To support his argument, Leonard linked to a recent essay on the self-publishing platform Medium by Clay Shirky, a New York University professor who writes about Internet culture. Shirky, author of the influential 2009 blog post “Newspapers and Thinking the Unthinkable” as well as books such as “Here Comes Everybody” and “Cognitive Surplus,” predicted that advertising in print newspapers is about to enter its final death spiral. That’s because Sunday inserts are about to follow classified ads and many types of display ads into the digital-only world, where retailers will be able to reach their customers in a cheaper, more targeted way. Here’s how Shirky put it:

It’s tempting to try to find a moral dimension to newspapers’ collapse, but there isn’t one. All that’s happened is advertisers are leaving, classifieds first, inserts last. Business is business; the advertisers never had a stake in keeping the newsroom open in the first place.

There’s no question that print will eventually go away, though it may survive for a few more years as a high-priced specialty product for people who are willing to pay for it. The dilemma of how to pay for journalism, though, is not going away.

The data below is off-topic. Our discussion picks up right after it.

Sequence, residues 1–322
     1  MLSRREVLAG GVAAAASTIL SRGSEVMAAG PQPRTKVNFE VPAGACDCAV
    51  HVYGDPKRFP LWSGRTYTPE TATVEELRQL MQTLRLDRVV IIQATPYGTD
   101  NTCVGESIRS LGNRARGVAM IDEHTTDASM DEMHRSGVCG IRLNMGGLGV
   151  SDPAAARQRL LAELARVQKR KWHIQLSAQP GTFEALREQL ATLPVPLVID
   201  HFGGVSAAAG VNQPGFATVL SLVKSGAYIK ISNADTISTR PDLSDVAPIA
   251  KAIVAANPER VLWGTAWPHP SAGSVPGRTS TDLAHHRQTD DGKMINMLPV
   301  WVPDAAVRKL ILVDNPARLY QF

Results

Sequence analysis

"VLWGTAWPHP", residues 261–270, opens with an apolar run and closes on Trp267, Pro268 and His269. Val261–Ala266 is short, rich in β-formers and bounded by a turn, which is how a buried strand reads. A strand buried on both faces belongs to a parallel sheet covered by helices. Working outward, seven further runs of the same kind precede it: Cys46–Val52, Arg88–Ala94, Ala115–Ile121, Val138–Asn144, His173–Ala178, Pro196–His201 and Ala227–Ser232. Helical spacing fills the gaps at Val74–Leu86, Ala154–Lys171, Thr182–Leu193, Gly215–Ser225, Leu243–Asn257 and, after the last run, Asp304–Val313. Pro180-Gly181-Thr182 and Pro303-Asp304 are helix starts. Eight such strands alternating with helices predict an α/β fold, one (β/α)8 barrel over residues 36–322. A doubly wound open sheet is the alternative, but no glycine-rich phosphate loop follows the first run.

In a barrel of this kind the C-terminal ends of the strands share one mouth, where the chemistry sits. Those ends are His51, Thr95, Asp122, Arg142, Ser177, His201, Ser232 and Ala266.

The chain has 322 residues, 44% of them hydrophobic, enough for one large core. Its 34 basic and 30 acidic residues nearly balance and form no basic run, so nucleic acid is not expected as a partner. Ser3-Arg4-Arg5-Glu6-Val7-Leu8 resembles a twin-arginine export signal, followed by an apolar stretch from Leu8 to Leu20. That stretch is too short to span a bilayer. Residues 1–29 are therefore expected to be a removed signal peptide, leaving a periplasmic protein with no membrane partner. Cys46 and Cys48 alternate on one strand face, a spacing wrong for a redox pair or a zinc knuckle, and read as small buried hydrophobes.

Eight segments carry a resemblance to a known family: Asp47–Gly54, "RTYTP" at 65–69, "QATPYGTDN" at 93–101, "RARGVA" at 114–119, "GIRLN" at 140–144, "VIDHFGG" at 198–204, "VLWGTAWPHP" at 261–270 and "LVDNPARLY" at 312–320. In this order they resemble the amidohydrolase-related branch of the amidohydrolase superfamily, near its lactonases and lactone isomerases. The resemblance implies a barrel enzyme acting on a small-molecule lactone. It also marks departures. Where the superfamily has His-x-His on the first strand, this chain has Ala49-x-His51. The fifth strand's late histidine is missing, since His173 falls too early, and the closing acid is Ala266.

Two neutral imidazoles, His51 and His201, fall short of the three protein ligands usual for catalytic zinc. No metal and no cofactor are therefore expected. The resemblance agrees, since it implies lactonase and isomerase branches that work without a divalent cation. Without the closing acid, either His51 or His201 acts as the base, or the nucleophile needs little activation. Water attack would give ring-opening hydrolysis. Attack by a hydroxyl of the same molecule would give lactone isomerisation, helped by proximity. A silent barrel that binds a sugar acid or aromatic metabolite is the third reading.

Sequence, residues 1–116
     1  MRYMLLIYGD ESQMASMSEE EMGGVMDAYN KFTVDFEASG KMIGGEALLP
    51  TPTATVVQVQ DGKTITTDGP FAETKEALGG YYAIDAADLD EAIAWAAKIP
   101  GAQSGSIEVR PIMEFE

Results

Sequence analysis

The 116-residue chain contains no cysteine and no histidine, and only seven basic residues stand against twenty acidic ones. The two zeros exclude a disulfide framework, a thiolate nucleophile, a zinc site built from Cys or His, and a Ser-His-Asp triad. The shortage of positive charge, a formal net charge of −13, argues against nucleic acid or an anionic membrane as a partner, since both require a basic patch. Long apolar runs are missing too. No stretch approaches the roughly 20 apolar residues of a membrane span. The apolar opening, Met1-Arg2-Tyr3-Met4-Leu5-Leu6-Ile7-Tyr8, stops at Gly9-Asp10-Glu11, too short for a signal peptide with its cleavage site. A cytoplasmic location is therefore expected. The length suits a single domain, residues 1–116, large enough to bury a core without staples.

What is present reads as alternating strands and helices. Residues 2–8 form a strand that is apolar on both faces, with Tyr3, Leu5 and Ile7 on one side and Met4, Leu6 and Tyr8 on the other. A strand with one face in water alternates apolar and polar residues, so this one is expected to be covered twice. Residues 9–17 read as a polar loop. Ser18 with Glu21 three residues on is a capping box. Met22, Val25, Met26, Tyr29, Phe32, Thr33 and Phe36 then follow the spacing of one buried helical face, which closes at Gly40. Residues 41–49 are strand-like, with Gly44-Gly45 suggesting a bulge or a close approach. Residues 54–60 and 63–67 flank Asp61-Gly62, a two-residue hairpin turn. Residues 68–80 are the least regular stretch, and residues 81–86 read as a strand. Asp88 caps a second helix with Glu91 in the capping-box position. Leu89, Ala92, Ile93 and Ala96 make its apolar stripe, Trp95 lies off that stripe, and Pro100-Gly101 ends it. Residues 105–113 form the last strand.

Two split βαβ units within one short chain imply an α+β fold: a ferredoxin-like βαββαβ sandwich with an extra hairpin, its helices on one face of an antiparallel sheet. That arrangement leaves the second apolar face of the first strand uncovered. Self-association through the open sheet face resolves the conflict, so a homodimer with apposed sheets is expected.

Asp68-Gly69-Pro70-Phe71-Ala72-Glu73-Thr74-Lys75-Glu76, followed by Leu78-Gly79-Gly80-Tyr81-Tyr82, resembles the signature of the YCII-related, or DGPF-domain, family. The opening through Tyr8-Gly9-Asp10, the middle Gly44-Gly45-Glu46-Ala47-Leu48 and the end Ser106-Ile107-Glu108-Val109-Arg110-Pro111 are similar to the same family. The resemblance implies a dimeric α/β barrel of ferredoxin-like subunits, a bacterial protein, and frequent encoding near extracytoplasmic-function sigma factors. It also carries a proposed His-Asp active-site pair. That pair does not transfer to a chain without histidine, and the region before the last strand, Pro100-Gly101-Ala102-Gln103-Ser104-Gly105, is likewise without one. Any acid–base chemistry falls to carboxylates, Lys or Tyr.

Free online news supported solely by advertising has not proven to be a reliable business model, although there are exceptions, including a few well-managed hyperlocals, like The Batavian in western New York, and sites that draw enormous audiences while employing very few people, like The Huffington Post.

Digital paywalls that require users to pay up after reading a certain number of articles have helped bolster the bottom lines of many newspapers, including The Boston Globe. But very few have been able to generate a significant amount of revenue from paywalls, with The New York Times being a notable exception.